WASHINGTON - Janet Yellen already shattered a glass ceiling when she became the first woman to lead the Federal Reserve during the Obama Administration. If she has her way, she’ll shatter another Monday when the Senate votes on her confirmation as the next Treasury secretary.
With their approval, Yellen will be the first woman to lead the Treasury — joining the ranks of Alexander Hamilton and 76 other men.
On the campaign trail, President Joe Biden promised a diverse administration — one that would "look like America." He also kept his promise to name a woman his running mate when he picked Kamala Harris.
On Wednesday, Senators confirmed Avril Haines as the director of national intelligence, the first woman to lead the agency in its 15-year existence. And on Friday, the Senate voted 93-2 to confirm retired Gen. Lloyd Austin to be the secretary of defense, the first Black man to hold that office.
Yellen’s nomination to lead the Treasury is yet another step towards filling Biden’s vision.
On Friday, the Senate Finance Committee unanimously voted to advance Yellen’s nomination to a vote on the Senate floor. Now her fate is in the hands of a final vote from the full Senate.
Earlier in the week, she told the committee Americans faced a "longer, more painful recession" unless Washington took action swiftly on the next COVID-19 package.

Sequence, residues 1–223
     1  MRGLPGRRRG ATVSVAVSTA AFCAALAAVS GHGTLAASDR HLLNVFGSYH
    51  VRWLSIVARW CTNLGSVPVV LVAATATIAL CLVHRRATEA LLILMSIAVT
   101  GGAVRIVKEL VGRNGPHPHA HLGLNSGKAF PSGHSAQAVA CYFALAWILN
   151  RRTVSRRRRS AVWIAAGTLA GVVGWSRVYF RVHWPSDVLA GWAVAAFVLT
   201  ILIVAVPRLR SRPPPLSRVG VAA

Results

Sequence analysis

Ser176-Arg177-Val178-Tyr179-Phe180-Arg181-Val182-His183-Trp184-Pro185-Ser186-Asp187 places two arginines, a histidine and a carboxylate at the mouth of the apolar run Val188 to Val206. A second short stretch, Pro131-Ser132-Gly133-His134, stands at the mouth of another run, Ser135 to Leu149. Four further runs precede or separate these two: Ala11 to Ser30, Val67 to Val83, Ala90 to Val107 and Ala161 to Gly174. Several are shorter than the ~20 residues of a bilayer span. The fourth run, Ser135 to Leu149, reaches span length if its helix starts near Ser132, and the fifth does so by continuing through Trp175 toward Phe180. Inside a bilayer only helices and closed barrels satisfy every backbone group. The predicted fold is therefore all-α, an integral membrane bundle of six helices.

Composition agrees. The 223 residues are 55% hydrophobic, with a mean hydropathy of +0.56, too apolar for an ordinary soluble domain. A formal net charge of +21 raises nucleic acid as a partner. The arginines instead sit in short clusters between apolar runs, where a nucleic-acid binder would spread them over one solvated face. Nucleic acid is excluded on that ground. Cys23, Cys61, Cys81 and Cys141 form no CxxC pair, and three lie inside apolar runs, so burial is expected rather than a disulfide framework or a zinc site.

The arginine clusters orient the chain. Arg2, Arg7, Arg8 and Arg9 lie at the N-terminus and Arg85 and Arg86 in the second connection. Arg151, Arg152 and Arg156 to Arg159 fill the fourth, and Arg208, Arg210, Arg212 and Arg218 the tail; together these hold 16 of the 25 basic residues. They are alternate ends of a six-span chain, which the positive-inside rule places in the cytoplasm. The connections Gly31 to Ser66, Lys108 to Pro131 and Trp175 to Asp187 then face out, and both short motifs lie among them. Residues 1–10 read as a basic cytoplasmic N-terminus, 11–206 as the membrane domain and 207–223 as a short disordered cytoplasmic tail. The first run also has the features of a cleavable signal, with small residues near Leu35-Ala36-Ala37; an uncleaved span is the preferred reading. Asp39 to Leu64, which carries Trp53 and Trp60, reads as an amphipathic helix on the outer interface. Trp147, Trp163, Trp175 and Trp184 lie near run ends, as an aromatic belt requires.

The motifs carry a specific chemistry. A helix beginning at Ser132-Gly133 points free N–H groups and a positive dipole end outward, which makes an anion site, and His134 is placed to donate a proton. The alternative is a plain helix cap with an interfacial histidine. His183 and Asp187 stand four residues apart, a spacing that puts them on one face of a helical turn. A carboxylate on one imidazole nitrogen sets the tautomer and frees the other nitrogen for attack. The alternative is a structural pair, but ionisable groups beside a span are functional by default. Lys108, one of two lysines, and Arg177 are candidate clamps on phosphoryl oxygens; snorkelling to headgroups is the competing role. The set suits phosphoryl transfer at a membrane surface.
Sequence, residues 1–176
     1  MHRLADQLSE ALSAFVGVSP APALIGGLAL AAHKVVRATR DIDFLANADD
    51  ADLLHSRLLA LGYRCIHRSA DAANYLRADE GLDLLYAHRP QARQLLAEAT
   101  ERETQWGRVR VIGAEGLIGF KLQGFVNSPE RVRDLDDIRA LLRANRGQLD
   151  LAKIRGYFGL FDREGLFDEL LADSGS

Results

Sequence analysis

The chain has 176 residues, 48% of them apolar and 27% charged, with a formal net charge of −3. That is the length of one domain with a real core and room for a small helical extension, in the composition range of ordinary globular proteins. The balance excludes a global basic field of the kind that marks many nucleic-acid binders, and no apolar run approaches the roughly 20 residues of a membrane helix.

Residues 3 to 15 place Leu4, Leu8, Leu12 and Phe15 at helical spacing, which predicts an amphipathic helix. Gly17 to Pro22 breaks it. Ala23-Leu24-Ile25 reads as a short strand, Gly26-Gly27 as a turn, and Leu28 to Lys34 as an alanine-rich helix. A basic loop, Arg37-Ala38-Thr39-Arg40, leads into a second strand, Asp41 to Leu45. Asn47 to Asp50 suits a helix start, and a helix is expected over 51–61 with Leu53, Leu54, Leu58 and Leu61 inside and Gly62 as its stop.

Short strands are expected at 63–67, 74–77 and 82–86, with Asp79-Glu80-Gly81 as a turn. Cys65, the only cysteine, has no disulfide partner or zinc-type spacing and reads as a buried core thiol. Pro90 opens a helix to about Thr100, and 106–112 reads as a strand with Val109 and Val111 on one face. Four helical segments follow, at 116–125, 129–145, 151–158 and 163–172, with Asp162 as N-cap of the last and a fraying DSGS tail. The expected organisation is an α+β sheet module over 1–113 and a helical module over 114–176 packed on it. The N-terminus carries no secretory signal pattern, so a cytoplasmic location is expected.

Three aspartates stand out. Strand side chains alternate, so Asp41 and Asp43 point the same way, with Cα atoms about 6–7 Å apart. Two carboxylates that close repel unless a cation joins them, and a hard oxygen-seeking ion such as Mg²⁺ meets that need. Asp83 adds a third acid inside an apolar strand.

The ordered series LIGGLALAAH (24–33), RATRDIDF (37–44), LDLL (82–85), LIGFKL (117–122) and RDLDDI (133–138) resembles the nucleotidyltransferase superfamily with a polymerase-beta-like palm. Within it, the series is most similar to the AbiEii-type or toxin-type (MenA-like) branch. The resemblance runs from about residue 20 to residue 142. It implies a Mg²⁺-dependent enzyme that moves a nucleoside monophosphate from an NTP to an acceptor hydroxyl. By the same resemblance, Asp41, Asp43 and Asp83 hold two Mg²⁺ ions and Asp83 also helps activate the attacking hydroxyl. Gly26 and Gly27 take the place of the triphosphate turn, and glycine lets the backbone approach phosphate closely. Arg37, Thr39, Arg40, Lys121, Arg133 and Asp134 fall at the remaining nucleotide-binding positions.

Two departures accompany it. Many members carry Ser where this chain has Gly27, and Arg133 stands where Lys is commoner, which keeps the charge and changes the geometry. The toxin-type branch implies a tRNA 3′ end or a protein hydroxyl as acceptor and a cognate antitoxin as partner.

She pledged support to an economic aid package that would provide a third round of stimulus checks, with an additional $1,400 coming to most Americans making less than $75,000 a year.
Yellen acknowledged such a measure would add to the country's rising debt but said the Biden Administration feels fighting the pandemic-recession took precedent.
"Right now, with interest rates at historic lows, the smartest thing we can do is act big," she said. "In the long run, I believe the benefits will far outweigh the costs, especially if we care about helping people who have been struggling for a very long time."
Republican Senators expressed policy disagreements with Yellen, such as raising taxes on corporations and the wealthy. But they agreed it was important to allow Biden to assemble his economic team quickly.
This story was reported from Atlanta. The Associated Press contributed.